Aortic stiffness and hypotension episodes are associated with impaired cognitive function in older subjects with subjective complaints of memory loss

Published:October 14, 2013DOI:



      Though CV risk factors and markers of arterial aging are recognized risky for cognition, no study has simultaneously investigated the impact of multiple cardiac, arterial (large and small vessels), and hemodynamic parameters on cognitive function in older subjects.


      Two hundred eighty older subjects with subjective complaints of memory loss and no previous stroke (mean age 78.3 ± 6.3 years) were studied. Global cognitive function was evaluated with the Mini-Mental State Examination (MMSE). Cognitive impairment was defined as a MMSE <21. We measured: traditional CV risk factors; aorta stiffness (Pulse Wave Velocity, PWV); LV mass; presence of WML at neuroimaging; episodes of hypotension (SBP <100 mm Hg during 24 h Ambulatory Blood Pressure Monitoring).


      In both cross-sectional and longitudinal analyses PWV, WML, and episodes of hypotension were significantly associated with poorer cognitive function—controlling for age, sex, education, depression, traditional CV risk factors, and medications. LV mass was no longer associated with cognition in multiple regression. Older subjects with stiffer arteries or episodes of hypotension presented a 4-fold and an 11-fold, respectively, greater odds for progression from normal cognitive function to cognitive impairment. A synergistic effect between PWV, WML, and hypotension was observed: the occurrence of any two of PWV, WML, or hypotension was accompanied by lower MMSE; in the presence of all three factors, a further significant decline in cognitive function was observed.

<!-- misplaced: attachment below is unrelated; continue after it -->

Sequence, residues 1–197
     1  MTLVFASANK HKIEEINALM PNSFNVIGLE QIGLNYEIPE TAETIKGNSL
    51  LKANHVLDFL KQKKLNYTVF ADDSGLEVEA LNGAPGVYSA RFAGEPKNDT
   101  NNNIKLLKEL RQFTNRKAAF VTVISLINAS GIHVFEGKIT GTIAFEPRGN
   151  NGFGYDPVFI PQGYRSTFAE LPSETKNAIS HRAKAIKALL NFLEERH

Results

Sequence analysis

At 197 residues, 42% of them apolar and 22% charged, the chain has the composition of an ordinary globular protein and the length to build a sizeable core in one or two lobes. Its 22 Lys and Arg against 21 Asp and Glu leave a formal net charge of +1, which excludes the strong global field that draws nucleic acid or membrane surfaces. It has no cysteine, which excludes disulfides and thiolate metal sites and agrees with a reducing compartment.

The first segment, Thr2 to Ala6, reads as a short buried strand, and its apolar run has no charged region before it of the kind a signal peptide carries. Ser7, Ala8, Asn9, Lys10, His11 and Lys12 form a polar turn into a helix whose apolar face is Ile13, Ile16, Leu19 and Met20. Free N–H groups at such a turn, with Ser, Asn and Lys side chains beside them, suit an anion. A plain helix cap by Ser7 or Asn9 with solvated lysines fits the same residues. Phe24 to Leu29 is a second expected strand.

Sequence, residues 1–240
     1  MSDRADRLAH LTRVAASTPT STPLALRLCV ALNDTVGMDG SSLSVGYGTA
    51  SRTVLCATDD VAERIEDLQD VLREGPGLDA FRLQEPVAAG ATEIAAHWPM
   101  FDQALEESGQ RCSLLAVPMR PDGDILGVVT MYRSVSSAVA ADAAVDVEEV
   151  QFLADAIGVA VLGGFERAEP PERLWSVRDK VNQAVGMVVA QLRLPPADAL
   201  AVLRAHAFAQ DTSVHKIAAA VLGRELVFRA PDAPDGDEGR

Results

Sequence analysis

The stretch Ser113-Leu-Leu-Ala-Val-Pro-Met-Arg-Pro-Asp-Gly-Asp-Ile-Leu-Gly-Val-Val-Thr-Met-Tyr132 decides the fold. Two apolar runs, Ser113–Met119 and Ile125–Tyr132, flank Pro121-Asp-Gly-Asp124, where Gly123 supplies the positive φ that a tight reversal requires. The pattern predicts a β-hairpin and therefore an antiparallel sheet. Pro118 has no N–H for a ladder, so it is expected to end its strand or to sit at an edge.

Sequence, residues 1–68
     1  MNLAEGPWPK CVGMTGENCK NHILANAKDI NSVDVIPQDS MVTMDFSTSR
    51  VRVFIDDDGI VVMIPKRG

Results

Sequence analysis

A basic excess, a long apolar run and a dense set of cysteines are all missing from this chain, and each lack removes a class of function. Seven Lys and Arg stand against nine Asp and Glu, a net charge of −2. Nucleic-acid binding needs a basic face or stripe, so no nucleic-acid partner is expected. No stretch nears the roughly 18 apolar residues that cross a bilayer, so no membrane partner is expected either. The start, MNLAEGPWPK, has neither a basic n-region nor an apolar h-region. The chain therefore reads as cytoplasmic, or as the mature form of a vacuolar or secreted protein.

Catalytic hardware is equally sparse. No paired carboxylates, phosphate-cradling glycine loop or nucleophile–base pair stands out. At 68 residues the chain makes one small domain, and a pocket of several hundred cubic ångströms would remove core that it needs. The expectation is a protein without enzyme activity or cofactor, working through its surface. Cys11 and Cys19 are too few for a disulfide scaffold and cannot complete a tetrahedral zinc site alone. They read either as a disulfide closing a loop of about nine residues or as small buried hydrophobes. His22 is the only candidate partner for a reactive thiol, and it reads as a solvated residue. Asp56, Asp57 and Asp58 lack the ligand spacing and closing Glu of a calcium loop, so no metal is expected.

Systemic hemodynamic parameters (higher PWV and hypotension) together with cerebral microvascular damage (WML) are significantly associated with poorer cognitive function and may identify older subjects with subjective complaints of memory loss at higher risk of cognitive decline.


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